The larvae of Diabrotica virgifera virgifera beetles wreak havoc on maize. Feasting on the plants' roots, they are estimated to cause $1 billion of damage every year in the US. Ted Turlings from the University of Neuchâtel, Switzerland, explains that the pest, known as western corn rootworm, only arrived in Serbia in the 1990s, but since then it has marched through at least 11 European countries.
"Pesticides work to control the pest, but they are not environmentally friendly," explains Turlings and adds, "When it arrived in Germany in 2007 they wanted to eradicate it but the pesticide that they used killed millions of bees."
Looking for an alternative, more ecological, form of pest control, Turlings wondered whether predatory nematodes (microscopic worms) that munch on insects could defeat the pest. Knowing that Heterorhabditis bacteriophora, which kills western corn rootworm larvae, is relatively unresponsive to an alarm signal ((E)-beta-caryophyllene, which is released by the infested roots) Turlings has successfully improve H. bacteriophora's response to caryophyllene by selective breeding of the nematodes.
He publishes the results of his bid to produce an effective biopesticide in The Journal of Experimental Biology.
Using an 'olfactometer' (six tubes radiating out from a central point) packed with damp sand for the nematodes to crawl through, Ivan Hiltpold inserted capillaries into the sand, which released different odours at the end of three of the olfactometer's arms. Then he released H. bacteriophora nematodes at the centre of the olfactometer and allowed the nematodes to choose which odour they tracked. Timing how long it took 500 nematodes to reach the end of the trail in the caryophyllene arm of the olfactometer, Hiltpod collected the worms and allowed them to breed. Gathering the offspring 10 days later, he tested their responses to the three odours and again selected the 500 nematodes that reached the end of the caryophyllene trail first for breeding. Repeating the selection process 6 times, Hiltpold improved the nematode's performance significantly, decreasing the time it took 500 worms to reach the end of the caryophyllene trail from 10h to 2h.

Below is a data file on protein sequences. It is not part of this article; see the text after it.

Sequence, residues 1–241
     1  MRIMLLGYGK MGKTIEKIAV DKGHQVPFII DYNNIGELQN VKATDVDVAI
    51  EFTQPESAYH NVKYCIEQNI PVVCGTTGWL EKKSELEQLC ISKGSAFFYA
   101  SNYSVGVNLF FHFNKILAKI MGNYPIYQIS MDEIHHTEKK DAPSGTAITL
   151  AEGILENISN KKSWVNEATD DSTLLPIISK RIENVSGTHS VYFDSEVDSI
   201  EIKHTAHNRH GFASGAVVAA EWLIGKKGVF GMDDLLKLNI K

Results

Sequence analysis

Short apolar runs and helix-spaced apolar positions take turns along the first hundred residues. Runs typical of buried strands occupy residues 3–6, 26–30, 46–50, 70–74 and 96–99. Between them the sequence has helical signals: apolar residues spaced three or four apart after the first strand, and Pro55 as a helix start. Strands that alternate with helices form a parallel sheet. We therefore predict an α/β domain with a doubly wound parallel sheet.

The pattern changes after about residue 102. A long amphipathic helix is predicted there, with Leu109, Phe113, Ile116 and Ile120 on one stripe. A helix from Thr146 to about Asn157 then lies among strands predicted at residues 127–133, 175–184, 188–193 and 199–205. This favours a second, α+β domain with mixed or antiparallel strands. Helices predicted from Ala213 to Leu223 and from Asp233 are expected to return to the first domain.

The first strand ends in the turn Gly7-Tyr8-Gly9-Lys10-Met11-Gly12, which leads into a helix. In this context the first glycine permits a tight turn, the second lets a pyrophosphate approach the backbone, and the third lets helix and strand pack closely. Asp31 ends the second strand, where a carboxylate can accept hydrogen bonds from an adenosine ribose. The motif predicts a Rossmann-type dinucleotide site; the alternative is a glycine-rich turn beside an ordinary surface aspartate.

Next Hiltpold tested how improving the nematode's response to caryophyllene had impacted on their potency. Sprinkling the selected nematodes directly on the pest larvae and waiting to see how many larvae died, he was relieved to find that the selected nematodes were only slightly less infectious than their forebears. This loss of potency could be overcome easily by the worm's increased response to caryophyllene, but how would the selected nematodes perform in a field?
"We couldn't test the nematodes in Switzerland because the western corn rootworm is not present yet, so we had to travel to Hungary," says Turlings. Teaming up with Stefan Toepfer and Ulrich Kuhlmann from CABI Europe-Switzerland who had access to western corn rootworm infected fields sown with two varieties of maize (one that produced caryophyllene and another that did not), Turlings' colleague, Mariane Baroni, sprayed solutions of the selected nematodes between the rows of maize in some plots and sprayed solutions of the unselected nematodes on other plots in the same fields. Then the team waited to see whether the selected nematodes offered any protection against the pest.
They did. The variety of maize that released caryophyllene was healthier than the variety that did not release caryophyllene after treatment with the selected nematodes; and the selected nematodes killed more pest larvae near the caryophyllene releasing maize than the unselected nematodes did.
Turlings says that this result is encouraging, but admits that there is more to be done before the nematodes can be used commercially. For instance, US varieties of maize have lost the caryophyllene alarm signal and application of the biopesticide is costly and problematic, but Turlings is optimistic that his team can crack both of these problems to add the nematodes to the maize farmer's arsenal.
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